Correspondence with Emil diminished following my parents’ relocation from the U.S. to Argentina, and he now only emails in times of natural disaster to ensure that they are all right; his latest concerned dispatch consisted of the following CNN report of 17 January:
“A 6.3-magnitude earthquake struck off the southern coast of Argentina on Sunday, the U.S. Geological Survey reported.
There were no immediate reports of damages and injuries.
The 6.2 mile-deep quake hit 220 miles off the coast of Ushuaia, Argentina, at 7 a.m. ET, the geological survey said.”
Last week I participated in a tour of Buenos Aires’ former Navy Mechanics School (ESMA), one of Argentina’s numerous illegal detention centers during the Dirty War of 1976-83. A symbol of the military dictatorship’s campaign against undesirable elements of the population, the ESMA alone witnessed the imprisonment and torture of an estimated 5,000 such elements, with the subsequent disappearance of most of these often a result of the fact that they had been injected with tranquilizers and dropped from airplanes into the river. As for other disappeared items, the tour guide noted that the ESMA complex had not been converted into a museum until 2004, giving the military ample time to dispose of evidence.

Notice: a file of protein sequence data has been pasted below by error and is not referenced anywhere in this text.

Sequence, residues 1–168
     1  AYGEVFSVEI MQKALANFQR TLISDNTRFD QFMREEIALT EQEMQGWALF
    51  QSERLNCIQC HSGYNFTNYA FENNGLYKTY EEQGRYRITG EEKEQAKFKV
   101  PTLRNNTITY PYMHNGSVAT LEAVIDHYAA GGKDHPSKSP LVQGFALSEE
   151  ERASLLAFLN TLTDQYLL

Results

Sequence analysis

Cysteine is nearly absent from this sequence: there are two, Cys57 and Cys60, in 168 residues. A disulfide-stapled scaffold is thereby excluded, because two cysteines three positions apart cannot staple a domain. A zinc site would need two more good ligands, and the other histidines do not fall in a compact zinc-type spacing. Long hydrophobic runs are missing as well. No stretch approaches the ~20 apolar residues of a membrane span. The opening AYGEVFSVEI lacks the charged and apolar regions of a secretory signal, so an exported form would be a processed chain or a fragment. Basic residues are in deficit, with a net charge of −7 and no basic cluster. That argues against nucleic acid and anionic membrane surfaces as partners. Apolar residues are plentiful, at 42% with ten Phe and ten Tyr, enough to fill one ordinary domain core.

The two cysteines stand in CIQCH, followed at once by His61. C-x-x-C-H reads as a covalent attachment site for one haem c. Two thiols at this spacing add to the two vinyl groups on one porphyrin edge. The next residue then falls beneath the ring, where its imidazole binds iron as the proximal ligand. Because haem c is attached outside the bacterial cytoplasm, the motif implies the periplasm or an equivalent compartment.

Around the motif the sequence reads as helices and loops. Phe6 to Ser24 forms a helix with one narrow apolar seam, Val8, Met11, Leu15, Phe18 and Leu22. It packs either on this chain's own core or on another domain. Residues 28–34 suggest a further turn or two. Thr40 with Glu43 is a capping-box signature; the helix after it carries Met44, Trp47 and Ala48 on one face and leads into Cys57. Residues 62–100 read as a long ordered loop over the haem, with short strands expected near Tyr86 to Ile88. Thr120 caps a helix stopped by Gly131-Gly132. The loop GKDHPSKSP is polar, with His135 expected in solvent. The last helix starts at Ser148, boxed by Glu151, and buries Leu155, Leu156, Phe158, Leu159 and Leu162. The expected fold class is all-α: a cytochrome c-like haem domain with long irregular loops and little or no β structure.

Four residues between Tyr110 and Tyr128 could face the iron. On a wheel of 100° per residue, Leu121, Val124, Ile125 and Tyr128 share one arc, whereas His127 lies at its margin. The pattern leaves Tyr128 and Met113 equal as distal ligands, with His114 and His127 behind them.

Walking down Avenida Figueroa Alcorta in Buenos Aires the other day, I came across a succession of posters advertising “la penetración iraní en América latina” and featuring Hugo Chávez and Mahmoud Ahmadinejad clasping hands. When I then came across the Iranian embassy and a monument in a park labeled “Plaza Irán,” as well, I became momentarily convinced that the posters might have a point.
Some confusion arose from the date on the monument, May 12, 1965, which placed its origins in an archaeological period of penetración estadounidense in Iran. Things slowly began to make more sense, however, as I continued walking and noted that the Chávez-Ahmadinejad posters were interspersed with posters featuring an unoccupied bed with white sheets and the proclamation: “85 ‘HASTA LUEGO’ CONVERTIDOS EN ‘HASTA SIEMPRE” [“85 goodbyes to be remembered forever”], which I first assumed was a tribute to Argentine swine flu fatalities.